According to a result of Whitney any $C^r$-manifold, $r\geq 1$, is $C^r$-homeomorphic to a smooth embedded submanifold of some Euclidean space; see Theorem 1 in

Hassler Whitney, "Differentiable manifolds", Annals of Mathematics (2) 37 (1936), no. 3, pp. 645–680, JFM 62.1454.01, MR1503303, Zbl 0015.32001.

I expect that an analogous result should be true for $C^{r,\alpha}$-Hölder manifolds, $r\geq 1$, $\alpha\in[0,1]$, and I am wondering if there exists a reference for such a statement. Does perhaps anybody know such a reference?

Actually, I am not so much interested in the embedding, but in a refinement of the $C^{r,\alpha}$-Hölder structure to a smooth structure, i.e. in a $C^{r,\alpha}$-Hölder homeomorphism to a smooth manifold.

In particular, I am interested in the case in which the manifold to start with is itself a ($C^{r,\alpha}$-)embedded submanifold of some Euclidean space and in the case $\alpha=1$. Maybe it is easier to say something here?


1 Answer 1


Every $C^1$ manifold admits a compatible $C^\infty$ structure. You can find a proof in Hirsch's "Differential topology". It is actually quite easy and based on a fact that smoothing a $C^1$ diffeomorphism by convolution leads to a smooth diffeomorphism (because derivatives converge uniformly) on a slightly smaller domain.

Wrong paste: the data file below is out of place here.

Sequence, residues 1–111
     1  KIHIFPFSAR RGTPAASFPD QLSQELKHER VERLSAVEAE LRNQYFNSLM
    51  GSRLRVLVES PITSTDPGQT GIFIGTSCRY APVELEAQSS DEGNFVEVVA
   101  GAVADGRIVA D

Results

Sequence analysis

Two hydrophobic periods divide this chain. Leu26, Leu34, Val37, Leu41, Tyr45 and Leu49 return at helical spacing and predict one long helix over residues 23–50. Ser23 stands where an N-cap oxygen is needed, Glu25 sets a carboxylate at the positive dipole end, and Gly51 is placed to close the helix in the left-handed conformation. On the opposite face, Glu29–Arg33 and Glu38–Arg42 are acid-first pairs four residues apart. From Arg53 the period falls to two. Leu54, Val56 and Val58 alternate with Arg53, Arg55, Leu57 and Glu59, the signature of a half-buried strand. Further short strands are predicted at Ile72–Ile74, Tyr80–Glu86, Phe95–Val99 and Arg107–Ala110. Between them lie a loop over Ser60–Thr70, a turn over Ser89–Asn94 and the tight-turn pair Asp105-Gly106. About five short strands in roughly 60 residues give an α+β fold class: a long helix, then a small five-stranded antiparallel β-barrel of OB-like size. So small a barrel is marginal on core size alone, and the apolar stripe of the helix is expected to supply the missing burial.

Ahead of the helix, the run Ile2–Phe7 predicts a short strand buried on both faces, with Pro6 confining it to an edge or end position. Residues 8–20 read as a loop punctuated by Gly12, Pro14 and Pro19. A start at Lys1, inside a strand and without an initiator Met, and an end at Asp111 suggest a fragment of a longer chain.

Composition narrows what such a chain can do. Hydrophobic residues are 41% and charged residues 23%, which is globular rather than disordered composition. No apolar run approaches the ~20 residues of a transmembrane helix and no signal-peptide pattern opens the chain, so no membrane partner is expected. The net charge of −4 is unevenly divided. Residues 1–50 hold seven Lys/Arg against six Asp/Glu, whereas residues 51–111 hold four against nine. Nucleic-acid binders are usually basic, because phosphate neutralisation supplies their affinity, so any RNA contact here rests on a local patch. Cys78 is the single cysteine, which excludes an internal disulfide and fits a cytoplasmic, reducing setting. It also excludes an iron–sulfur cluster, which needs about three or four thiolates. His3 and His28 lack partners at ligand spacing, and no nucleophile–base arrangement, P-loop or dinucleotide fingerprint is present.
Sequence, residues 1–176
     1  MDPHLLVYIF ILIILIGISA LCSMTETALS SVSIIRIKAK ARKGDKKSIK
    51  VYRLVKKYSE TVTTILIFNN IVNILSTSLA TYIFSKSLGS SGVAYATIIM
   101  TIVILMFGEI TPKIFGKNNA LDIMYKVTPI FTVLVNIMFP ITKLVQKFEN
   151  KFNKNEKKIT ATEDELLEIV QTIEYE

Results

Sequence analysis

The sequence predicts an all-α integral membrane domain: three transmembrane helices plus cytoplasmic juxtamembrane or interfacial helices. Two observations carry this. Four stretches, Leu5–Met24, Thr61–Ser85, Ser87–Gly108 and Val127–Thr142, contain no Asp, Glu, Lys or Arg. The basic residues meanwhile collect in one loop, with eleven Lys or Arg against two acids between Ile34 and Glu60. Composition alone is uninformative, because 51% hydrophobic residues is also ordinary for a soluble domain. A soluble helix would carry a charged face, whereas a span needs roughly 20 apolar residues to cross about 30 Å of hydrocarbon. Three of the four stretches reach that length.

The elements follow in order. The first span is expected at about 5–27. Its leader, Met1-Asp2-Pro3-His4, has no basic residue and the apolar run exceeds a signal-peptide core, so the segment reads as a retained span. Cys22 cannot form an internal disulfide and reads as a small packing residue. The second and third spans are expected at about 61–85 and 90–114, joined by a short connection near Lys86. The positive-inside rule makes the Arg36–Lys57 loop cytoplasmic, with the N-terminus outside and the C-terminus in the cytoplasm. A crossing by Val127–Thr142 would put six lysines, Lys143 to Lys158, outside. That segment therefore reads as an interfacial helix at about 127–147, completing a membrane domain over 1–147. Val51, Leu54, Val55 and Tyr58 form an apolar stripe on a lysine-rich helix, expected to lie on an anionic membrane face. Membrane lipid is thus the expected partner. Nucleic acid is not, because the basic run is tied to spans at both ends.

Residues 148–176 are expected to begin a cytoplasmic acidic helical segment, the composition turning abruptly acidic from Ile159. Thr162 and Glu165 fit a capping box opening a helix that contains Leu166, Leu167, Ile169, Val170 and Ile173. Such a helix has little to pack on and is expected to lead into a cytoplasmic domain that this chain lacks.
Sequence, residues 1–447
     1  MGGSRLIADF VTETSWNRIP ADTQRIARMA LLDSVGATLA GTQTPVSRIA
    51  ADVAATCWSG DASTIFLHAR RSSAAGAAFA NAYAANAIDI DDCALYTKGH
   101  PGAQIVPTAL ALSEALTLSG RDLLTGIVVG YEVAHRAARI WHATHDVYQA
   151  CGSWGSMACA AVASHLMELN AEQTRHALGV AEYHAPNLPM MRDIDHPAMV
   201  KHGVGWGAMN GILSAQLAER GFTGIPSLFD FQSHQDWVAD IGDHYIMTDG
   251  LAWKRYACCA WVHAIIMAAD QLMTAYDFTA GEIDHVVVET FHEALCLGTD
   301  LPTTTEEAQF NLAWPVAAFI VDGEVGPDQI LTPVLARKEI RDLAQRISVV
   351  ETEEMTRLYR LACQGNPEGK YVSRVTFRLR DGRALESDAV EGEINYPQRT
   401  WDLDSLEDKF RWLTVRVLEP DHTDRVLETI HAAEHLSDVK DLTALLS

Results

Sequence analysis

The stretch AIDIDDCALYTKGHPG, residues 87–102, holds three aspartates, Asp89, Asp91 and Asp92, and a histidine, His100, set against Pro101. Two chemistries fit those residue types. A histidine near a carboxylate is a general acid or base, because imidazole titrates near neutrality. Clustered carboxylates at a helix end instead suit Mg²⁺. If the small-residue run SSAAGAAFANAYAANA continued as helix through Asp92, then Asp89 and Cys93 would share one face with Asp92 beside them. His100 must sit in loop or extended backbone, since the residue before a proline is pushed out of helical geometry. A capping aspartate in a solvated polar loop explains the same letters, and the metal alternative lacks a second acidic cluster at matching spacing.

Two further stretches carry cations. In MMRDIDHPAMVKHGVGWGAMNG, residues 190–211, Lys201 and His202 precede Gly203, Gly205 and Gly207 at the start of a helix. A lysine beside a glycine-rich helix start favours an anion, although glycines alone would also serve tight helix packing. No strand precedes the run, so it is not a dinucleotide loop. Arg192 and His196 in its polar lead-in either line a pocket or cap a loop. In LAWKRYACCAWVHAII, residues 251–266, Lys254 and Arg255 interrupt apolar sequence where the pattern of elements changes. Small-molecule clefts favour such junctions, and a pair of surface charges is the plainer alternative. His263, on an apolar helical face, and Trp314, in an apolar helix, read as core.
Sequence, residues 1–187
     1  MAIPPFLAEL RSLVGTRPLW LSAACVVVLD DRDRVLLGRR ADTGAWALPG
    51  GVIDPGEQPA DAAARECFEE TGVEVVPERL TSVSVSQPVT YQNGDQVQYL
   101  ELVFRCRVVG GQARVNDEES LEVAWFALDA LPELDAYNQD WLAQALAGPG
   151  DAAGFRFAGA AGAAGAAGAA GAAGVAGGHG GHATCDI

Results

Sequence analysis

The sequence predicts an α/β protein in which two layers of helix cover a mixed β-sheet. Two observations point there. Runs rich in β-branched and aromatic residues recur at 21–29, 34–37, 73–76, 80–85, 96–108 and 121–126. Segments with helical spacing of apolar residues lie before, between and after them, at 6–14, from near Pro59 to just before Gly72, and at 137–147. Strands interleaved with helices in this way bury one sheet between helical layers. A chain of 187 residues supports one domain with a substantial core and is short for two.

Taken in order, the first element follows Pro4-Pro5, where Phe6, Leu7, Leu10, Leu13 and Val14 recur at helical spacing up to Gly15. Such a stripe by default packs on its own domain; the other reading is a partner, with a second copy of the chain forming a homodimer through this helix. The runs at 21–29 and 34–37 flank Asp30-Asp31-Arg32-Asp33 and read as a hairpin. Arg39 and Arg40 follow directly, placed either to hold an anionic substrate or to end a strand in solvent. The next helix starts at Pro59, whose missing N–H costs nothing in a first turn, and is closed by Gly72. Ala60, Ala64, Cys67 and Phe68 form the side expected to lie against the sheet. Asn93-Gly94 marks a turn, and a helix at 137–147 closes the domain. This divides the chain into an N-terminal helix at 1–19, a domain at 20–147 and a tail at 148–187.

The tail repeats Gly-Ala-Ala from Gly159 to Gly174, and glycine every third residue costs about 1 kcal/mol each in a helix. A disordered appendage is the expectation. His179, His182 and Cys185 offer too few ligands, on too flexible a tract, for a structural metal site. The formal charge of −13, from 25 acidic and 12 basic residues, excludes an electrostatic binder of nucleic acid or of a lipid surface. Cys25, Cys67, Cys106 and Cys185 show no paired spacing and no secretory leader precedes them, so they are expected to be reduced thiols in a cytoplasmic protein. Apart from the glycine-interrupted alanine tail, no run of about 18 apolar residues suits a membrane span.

In particular $C^{r,\alpha}$ manifolds, $r\geq 1$, admit a compatible $C^\infty$-structure and hence such a manifold can be embedded as a smooth submanifold of an Euclidean space. However, the embedding will only be $C^{r,\alpha}$ smooth since the original manifold is only $C^{r,\alpha}$.

  • $\begingroup$ The $C^{\infty}$ structure might be compatible with the $C^1$ structure, but why should it be compatible with the $C^{r,\alpha}$ structure? If it is not, the resulting embedding is not $C^{r,\alpha}$ smooth with respect to the $C^{r,\alpha}$ structure we started with, only with respect to a distinct $C^{r,\alpha}$ structure (that is induced by the $C^{\infty}$ structure). $\endgroup$ Oct 2, 2022 at 17:54
  • $\begingroup$ I have the impression that one needs e.g. a Hölder analogue of Theorem 2.7 in Hirsch's book: "Let $M$ and $N$ be $C^s$ manifolds $1\leq s \leq \infty$. Then $\mathrm{Diff}^s(M,N)$ is dense in $\mathrm{Diff}^r(M,N)$ in the strong $C^r$ topology, $1\leq r <s$." The proof of this theorem using convolutions seems to go through also in the Hölder case. Thanks for the reference. $\endgroup$ Oct 3, 2022 at 8:01

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